Junk was a series of fanzines thrown together from 1992 to 1994 by a bunch of over-educated, under-employed, disilusioned and bored slackers. We were the so-called Generation X looking for a clear path ahead where everything seemed pointless and boring. This was a time when music was finally decent after a decade of 80s garbage; a time when new art was plentiful and the term 'grunge' extended beyong music to a lifestyle choice. Junk was started by Nick Klauwers and Alfredo Bloy while they were both bored shitless in England. Soon others - some of them even talented - joined in the fun. Junk was a messy, insulting semi-regular newsletter of sorts aimed at keeping them and their friends around the world amused, if only for a few minutes. A private joke drawn on a napkin. Among the scribbles and bad poetry there is a flavour which tastes totally 90s. Widespread internet use was just a couple of years away. And to cut and paste still involved scissors and Pritt stick.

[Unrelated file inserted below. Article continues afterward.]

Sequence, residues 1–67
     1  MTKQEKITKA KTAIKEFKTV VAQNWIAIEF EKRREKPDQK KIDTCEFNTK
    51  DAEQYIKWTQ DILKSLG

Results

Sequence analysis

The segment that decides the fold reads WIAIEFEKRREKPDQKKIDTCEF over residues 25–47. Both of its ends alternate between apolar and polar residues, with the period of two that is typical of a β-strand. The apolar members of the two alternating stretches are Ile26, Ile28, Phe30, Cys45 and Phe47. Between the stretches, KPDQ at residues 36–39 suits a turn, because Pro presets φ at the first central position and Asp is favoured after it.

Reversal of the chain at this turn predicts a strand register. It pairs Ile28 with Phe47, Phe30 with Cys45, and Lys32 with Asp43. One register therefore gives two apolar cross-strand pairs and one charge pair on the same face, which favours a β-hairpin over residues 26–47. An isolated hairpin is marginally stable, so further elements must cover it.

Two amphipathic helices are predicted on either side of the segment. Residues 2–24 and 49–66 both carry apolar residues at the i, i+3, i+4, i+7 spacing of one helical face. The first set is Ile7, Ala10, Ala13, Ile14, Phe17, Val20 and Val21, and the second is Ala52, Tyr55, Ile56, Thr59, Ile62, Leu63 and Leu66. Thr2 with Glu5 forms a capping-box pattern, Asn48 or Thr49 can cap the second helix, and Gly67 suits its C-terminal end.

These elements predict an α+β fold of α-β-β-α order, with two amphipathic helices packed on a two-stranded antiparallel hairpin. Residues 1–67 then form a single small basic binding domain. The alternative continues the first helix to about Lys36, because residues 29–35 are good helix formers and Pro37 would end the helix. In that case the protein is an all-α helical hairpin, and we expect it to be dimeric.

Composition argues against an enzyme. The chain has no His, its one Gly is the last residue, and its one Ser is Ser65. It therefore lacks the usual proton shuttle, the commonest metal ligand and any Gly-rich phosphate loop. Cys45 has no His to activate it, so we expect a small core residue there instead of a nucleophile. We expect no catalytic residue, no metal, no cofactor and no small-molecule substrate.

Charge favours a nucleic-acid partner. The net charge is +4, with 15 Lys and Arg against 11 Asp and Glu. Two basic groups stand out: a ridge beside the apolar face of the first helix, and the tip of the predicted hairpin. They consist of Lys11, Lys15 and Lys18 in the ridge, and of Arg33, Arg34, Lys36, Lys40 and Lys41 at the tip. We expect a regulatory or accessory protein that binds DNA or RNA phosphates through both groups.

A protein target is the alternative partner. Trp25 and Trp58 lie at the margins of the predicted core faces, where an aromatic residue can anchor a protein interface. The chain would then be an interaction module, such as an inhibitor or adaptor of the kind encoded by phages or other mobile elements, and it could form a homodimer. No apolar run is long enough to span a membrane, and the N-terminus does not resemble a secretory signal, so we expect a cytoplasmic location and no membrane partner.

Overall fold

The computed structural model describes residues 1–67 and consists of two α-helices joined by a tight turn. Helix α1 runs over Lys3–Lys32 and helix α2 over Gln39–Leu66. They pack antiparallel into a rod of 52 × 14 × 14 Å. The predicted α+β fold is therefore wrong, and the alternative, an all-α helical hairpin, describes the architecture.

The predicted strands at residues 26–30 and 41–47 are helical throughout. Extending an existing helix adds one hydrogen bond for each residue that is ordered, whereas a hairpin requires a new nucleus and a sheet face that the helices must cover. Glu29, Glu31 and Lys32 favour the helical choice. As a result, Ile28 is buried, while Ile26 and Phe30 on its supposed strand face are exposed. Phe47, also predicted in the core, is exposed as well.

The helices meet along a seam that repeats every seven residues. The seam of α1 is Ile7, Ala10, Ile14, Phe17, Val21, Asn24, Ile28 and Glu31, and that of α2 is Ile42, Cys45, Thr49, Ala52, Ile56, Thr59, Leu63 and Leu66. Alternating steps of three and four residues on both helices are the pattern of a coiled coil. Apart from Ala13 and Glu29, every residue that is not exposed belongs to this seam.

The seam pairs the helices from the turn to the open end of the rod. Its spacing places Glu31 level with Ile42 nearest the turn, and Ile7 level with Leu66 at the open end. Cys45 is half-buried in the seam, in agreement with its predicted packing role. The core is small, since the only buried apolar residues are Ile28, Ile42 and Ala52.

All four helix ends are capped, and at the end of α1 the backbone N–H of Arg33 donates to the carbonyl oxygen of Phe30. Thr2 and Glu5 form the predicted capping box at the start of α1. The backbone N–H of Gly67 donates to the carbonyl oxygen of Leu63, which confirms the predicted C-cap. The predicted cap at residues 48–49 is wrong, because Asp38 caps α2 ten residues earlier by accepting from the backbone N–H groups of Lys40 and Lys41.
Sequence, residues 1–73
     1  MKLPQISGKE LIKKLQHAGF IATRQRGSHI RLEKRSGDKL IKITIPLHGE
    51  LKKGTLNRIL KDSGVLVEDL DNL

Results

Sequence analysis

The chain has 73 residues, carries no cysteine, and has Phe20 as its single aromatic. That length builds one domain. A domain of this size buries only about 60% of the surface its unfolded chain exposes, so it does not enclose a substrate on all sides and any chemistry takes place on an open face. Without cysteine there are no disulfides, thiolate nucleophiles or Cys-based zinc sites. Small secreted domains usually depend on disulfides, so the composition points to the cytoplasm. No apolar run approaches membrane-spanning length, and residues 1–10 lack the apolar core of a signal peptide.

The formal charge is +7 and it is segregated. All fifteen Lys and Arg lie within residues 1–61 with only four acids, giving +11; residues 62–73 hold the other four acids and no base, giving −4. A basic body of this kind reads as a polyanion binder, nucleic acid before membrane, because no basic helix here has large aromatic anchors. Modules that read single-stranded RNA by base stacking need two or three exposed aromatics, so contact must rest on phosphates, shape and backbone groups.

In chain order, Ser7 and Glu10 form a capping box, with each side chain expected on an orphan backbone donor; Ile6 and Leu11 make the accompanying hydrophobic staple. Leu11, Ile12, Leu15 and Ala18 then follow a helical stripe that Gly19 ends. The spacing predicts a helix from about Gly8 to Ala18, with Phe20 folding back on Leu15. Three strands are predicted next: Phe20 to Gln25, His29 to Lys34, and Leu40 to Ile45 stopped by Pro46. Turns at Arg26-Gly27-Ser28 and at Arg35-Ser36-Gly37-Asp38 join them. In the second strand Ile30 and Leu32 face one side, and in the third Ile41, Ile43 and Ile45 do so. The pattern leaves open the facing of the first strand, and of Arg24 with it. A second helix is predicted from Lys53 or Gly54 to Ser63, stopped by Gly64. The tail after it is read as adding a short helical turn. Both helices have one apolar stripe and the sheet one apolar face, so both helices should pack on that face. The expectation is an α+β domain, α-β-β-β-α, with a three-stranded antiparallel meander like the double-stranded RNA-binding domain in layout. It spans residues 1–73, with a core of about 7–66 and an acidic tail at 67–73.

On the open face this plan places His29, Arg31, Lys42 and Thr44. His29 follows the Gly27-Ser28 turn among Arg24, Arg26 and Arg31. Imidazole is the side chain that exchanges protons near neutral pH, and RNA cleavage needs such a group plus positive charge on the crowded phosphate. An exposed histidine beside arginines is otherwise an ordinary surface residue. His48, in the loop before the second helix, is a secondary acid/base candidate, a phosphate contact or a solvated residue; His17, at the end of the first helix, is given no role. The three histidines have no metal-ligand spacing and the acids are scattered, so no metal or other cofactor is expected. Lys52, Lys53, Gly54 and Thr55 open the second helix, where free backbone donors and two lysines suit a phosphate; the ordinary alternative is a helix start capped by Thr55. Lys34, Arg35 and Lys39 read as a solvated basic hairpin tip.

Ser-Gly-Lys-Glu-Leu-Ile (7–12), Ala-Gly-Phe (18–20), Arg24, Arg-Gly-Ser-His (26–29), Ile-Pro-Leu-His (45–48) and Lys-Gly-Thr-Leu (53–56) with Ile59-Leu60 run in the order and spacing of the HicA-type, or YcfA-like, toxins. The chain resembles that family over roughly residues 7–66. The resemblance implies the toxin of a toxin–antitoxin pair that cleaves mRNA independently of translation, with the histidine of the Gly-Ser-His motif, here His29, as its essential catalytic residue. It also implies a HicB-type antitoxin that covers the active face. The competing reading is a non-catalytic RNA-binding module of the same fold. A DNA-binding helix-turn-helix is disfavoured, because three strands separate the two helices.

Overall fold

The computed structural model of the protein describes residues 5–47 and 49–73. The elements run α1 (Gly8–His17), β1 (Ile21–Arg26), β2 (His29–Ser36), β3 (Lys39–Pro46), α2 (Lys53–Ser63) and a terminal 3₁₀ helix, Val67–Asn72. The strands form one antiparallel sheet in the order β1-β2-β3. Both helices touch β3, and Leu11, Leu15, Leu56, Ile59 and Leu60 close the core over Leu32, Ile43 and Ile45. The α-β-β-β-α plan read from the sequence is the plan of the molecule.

Friday, August 17, 2012

Generation X

Douglas Coupland - Generation X - Junk Equation
Generation X is Douglas Coupland's acclaimed salute to the generation born in the late 1950s and 1960s--a generation known vaguely up to then as "twentysomething."

Andy, Claire, and Dag, each in their twenties, have quit "pointless jobs done grudgingly to little applause" in their respective hometowns and cut themselves adrift on the California desert. In search of the drastic changes that will lend meaning to their lives, they've mired themselves in the detritus of American cultural memory. Refugees from history, the three develop an ascetic regime of story-telling, boozing, and working McJobs--"low-pay, low-prestige, low-benefit, no-future jobs in the service industry." They create modern fables of love and death among the cosmetic surgery parlors and cocktail bars of Palm Springs, disturbingly funny tales of nuclear waste, historical overdosing, and mall culture.

A dark snapshot of the trio's highly fortressed inner world quickly emerges--landscapes peopled with dead TV shows, "Elvis moments," and semi-disposable Swedish furniture. And from these landscapes, deeper portraits emerge, those of fanatically independent individuals, pathologically ambivalent about the future and brimming with unsatisfied longings for permanence, for love, and for their own home. Andy, Dag, and Claire are underemployed, overeducated, intensely private, and unpredictable. Like the group they mirror, they have nowhere to assuage their fears, and no culture to replace their anomie.

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